After reading the comments here and at about GreenBrowser, I went to the MoreQuick website. At the bottom of the product page is an Award section with logos from eleven websites, most of which are unfamiliar to me. For one of those websites, the logo says simply "editor's pick"; but for each of the others there is a 5-star award.

I clicked on the Softpedia logo to find that Softpedia editor's rating is actually 3.5, not 5, for the current version; the 5-star rating was from 2006. Next, I found that 4 of the other "awarding" websites have been detected by some blacklist engines.

Similarly, I looked at the Awards page from, and found that 10 of their 33 "awarding" websites have been detected by some blacklist engines.

So, from those two products, that's one-third of the "awarding" websites detected by some blacklist engines. Now I'm interested in the opinions of others, because this makes me wonder if it's common for legitimate developers to link to possibly unsafe "awarding" websites (perhaps just an oversight due to overzealous marketing on their part), or if this shows an ethics problem with developers who do this.

Thank you for the comments. Because you are looking for feedback and opinions, I recommend you post this concern in the freeware forum for dialogue. This comment section isn't for continued discussion, but your comments are always welcome.
I would probably attribute it to overzealous, but it is hard to believe that the developer does not know the sites are scams. I would think that a reputable developer would check the sites before listing. Many sites award the 5 stars to insure a link back to their site. This reminded me of a story I read a few years back - I just found it in a Google search. A developer became suspicious of "awards" his product was getting, so he created a fake program "awardmestars" to see what "awards" it for. The "program" was a text file that basically said this program does nothing, saved as an .exe. At last count, awardmestars had 23 5 star awards. The software was (and probably still is) available on hundreds of download sites, some even posting the screenshot that says "this program does nothing at all..." without even realizing what was going on.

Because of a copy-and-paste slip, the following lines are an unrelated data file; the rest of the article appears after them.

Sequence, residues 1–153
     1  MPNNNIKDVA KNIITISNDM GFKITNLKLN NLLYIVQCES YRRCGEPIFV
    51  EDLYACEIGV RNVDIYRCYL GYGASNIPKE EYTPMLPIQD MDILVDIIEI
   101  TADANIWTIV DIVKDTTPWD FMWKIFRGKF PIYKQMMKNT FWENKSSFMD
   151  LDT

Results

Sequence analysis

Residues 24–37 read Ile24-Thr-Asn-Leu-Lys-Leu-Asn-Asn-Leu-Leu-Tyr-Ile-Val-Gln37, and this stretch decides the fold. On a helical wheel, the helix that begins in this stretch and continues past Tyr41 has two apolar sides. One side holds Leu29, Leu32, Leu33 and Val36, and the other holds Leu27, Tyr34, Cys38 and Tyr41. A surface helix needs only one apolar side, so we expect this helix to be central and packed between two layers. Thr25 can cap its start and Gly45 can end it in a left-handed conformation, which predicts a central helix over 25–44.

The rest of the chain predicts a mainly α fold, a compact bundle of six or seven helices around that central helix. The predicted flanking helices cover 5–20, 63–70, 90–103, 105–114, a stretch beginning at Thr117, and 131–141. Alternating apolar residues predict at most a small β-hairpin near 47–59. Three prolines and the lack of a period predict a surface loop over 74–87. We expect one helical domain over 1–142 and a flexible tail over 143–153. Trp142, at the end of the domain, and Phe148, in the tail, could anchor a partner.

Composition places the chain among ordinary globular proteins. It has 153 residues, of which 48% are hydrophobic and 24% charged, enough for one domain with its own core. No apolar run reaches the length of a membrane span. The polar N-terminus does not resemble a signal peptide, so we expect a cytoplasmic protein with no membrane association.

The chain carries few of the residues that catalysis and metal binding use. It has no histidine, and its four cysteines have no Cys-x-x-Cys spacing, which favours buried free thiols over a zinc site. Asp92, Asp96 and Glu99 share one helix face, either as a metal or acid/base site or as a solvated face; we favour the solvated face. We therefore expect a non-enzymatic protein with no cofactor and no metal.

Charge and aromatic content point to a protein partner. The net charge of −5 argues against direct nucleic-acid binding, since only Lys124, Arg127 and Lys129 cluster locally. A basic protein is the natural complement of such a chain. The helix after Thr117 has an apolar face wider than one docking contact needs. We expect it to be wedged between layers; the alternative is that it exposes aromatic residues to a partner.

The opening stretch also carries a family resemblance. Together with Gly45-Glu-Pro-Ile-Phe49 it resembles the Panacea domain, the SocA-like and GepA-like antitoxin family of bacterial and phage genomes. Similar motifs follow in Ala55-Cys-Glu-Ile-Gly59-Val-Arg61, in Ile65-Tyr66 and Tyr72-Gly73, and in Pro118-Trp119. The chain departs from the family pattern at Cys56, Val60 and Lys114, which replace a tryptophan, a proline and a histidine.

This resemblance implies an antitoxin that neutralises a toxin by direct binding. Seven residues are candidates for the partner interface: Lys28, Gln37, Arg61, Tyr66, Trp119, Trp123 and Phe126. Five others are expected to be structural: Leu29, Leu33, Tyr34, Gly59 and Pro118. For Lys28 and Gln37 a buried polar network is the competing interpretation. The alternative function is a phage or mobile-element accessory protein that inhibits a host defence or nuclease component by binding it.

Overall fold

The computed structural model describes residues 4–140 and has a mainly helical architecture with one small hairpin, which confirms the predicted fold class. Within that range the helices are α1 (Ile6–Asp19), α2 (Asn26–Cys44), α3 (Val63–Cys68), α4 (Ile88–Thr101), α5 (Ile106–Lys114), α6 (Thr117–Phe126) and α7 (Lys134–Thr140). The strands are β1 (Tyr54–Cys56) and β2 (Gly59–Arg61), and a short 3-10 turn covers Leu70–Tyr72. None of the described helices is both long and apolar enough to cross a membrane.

That's a great story, I'd not heard of that before :-D

I did have a look at the Maxthon awards page (Maxthon having been my secondary browser for about a year now) and I found an award from a site that WoT flags as red. On the other hand when I ran the URL through Virus Total it scored 1/51 with WoT being the only one that flagged it.

I did notice that there's a "Gizmo's Top Picks - Product of the Year" award which no longer seems to exist, it just links to a "OOPs - We can't find that page" notice.

Other awards state the year, although there are a lot I've never heard of.

I'll check them all out more closely sometime and probably raise it on the forum to see if they have anything to say about it.

K-Meleon 1.6.0 Beta 2.6: What's new: - minor fixes to K-Meleon binaries - These include, but may not be limited to, an increase in the length of buffer size for injectJS, prompt and iniread, fix crash when too much result with autocomplete, and fix crash when session history is empty. - K-Meleon Restart Plus - The restart button will close and restart K-Meleon. - Skins Management - SkinSwitch allow the user to save and reload the toolbar layout for each skin. Extra Tools added: - Note4me provides the user a note taking system with automatic annotation of the date, time and URL of the page. - Groups2 provides the user the ability to store the URLs of the currently open tabs, and give a name to the group. - The PriorTabs macro causes closed tabs have their URLs stored in a list. - Quickstore provides menus for storing and using up to six URLs (to save the URL for a page or link temporarily). - StoreFS provides a method for the user to store selected input fields and make them available later for repeat input. For more info locate and open Additions.htm, which can be found within K-Meleon1.6.0_Beta2dot6_en-US.7z file.,112235,page=9 (download is at the bottom of the page)

I'm wondering about Java and Flash capabilities of the lightweight browsers. I'm using FF 21 and stuck with flash 10.3 since flash 11 makes FF bug. I'm using win XP on an Intel Dual core 4300 1.8 Ghz with 2 GB of Ram.

For the Avant Browser the web site claims to have the lowest memory usage but according to they have the worst.

The tests at Raymond were done on a fairly good system, and these results may not reflect on a low end system in a similar fashion. Even though Firefox gets the lowest memory usage in the tests it's nearly unusable on a low end system running WinXP and less than 512 MB RAM.